In the 19th Century
During the rule of King Frederick of Württemberg, deserters, military prisoners, and separatists from the Radical Pietist group from Rottenacker were kept in Fort Hohenasperg. When his son, king Wilhelm I became ruler in 1817, Corporal Punishment, such as running the gauntlet, was abolished. Further inmates in Fort Hohenasperg included the writer Berthold Auerbach, who was kept here between 1837 and 1838, Friedrich Kammerer (1833), the Doctor and Poet Theobald Kerner (1850”“1851), the theologian Karl Hase, the Satirist Johannes Nefflen, the Poet Leo von Seckendorff, the Writer Theodor Griesinger and many more, most political dissidents, who, in general were held prisoner because of their anti monarchistic views. In 1887 and 1888 a water tower , , was constructed, which also holds police radio antennas. Since 1894, a prison for the civil penal system has been located on Mount Hohenasperg. In the meantime the central hospital for the Baden-Württemberg penal system was placed on the Hohenasperg.

Early Years of the Nazi Times
During spring and summer of 1933, numerous members of the Hitlers opposition, the Social Democrats and Communists, were imprisoned on Hohenasperg. Included in the prisoners was the Governor of Württemberg, Eugen Bolz, who was murdered during the Aktion Gitter in Berlin in 1945. At least 101 prisoners died in Hohenasperg in the hard penal system, and 20 of their names have been identified by the Ludwigsburg VVN, an antifascist organization. These names are remembered with a plaque at the Prisoner's Graveyard.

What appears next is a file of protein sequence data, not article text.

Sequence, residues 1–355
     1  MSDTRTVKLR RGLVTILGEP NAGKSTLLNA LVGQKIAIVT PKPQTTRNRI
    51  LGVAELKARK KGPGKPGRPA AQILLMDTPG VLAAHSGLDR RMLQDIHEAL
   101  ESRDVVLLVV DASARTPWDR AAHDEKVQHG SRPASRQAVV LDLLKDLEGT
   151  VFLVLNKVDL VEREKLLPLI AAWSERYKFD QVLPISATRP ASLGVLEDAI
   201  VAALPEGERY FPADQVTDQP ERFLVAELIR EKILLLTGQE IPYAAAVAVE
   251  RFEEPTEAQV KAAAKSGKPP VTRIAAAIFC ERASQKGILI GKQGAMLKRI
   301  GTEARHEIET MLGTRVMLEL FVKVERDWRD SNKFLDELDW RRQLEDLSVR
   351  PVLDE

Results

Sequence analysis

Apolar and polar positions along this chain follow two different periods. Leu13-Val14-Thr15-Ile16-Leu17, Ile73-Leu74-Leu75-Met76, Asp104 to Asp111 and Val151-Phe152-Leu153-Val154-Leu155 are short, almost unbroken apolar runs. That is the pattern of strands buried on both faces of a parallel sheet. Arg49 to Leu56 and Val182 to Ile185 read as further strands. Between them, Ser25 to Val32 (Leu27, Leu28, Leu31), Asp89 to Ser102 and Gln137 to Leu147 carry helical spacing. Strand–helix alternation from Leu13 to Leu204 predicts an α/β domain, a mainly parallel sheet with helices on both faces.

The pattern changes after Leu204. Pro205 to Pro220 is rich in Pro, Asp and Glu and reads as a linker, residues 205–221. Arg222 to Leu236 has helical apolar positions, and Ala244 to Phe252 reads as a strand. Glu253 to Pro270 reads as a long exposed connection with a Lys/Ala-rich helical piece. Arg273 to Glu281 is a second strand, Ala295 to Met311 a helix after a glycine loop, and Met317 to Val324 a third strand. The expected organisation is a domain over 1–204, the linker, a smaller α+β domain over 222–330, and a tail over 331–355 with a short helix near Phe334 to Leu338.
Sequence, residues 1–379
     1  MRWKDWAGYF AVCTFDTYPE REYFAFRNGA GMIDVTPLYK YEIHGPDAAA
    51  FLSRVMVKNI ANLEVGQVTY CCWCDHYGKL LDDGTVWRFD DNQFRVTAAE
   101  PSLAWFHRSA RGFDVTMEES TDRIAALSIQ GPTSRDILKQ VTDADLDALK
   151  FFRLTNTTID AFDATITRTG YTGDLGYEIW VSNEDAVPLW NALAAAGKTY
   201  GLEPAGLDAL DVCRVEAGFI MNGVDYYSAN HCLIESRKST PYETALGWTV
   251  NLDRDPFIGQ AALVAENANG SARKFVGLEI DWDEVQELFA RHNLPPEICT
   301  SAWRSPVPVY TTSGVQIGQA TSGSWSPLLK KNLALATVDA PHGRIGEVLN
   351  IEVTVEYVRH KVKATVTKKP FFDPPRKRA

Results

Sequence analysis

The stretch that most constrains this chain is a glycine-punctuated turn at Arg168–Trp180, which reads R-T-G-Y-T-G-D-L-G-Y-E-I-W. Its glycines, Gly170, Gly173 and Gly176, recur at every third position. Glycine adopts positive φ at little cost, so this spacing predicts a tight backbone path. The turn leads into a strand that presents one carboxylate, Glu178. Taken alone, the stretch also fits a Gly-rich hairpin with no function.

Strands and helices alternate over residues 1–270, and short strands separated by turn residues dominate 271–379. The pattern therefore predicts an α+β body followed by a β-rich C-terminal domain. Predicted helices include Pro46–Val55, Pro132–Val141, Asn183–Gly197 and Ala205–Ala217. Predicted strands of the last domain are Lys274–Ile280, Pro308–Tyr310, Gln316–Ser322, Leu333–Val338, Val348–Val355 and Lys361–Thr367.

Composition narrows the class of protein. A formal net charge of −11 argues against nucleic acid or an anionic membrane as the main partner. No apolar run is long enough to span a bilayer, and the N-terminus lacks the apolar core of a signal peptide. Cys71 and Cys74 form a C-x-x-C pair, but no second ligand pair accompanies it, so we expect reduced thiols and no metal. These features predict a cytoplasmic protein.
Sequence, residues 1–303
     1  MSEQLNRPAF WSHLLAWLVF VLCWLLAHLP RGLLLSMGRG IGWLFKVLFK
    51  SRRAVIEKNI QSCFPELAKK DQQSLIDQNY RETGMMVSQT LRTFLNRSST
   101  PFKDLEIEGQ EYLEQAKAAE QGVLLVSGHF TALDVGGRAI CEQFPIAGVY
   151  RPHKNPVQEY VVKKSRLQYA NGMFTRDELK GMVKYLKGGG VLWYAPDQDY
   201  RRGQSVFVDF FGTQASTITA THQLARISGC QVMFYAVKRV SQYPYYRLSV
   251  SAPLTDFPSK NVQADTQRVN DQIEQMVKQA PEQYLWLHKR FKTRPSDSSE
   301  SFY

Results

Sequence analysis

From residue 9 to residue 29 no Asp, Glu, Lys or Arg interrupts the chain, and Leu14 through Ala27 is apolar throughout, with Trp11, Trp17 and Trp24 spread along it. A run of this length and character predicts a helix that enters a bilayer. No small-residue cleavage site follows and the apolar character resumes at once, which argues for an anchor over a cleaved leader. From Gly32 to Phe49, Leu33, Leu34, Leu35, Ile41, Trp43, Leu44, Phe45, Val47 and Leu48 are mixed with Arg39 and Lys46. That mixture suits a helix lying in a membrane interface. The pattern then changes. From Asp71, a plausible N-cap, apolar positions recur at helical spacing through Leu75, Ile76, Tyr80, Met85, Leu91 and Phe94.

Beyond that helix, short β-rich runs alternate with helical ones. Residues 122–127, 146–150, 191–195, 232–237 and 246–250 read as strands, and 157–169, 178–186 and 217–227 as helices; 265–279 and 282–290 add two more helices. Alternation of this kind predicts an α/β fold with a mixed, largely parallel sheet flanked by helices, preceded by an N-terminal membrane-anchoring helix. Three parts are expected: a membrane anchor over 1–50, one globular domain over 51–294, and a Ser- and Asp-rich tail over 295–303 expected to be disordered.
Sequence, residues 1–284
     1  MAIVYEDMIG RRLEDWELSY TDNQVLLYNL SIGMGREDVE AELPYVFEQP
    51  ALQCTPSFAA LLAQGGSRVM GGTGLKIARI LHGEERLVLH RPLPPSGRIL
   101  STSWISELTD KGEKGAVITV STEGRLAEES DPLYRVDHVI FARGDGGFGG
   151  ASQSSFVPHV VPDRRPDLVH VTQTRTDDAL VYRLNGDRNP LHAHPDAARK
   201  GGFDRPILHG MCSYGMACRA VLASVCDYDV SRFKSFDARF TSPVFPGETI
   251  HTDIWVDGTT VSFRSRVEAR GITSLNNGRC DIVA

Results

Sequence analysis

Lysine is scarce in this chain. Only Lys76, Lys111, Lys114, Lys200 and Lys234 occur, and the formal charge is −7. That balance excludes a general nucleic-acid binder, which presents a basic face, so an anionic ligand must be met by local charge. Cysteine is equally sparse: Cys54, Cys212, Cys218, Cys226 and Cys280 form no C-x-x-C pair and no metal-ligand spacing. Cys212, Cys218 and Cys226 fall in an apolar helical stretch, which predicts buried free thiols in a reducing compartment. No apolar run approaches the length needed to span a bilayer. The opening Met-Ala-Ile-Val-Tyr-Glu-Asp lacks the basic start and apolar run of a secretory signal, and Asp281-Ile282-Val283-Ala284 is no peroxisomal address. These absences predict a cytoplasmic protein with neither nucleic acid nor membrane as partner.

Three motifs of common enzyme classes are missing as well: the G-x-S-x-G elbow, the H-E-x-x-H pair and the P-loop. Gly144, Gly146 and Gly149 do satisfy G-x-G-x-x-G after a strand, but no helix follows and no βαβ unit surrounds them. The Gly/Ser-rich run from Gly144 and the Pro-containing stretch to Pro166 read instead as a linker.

Transit Camp for Deportation to Concentration Camps (1940 - 1943)
In May 1940, the prison was used as a way station for families during the first centrally planned deportation of Sinti and Roma out of southwest Germany, west of the Rhine River ( Mainz, Ingelheim, Worms). The deportation was carried out with a special train, families were escorted through the village by foot, with police surveillance. In the Prison, examinations were conducted by the Ritter Research Institute, which decided the fate of the inmates. The institute was named for the "Scientific Racist," Robert Ritter. Further deportations were sent to the General Government, the area of Germany-occupied Poland. Nongypsies were sent back. At least until the beginning of 1943, the prison was used as a way station for Sinti families who were being sent to concentration camps. Later deportations lead to the Gypsy Family Camp, the Concentration Camp Auschwitz-Birkenau, where prisoners were murdered.

Present Day
The prison later became a civil prison for the detention of non-political prisoners and now also houses the central hospital of the prison service in Baden-Württemberg. In this capacity it held Peter Graf, father of the tennis-player Steffi Graf, in 1995. The serial killer Heinrich Pommerenke, died in Hohenasperg in the central hospital on December 27, 2008. There is a small museum detailing the lives of some of the prison's notable inmates ("Hohenasperg. Ein deutsches Gefängnis").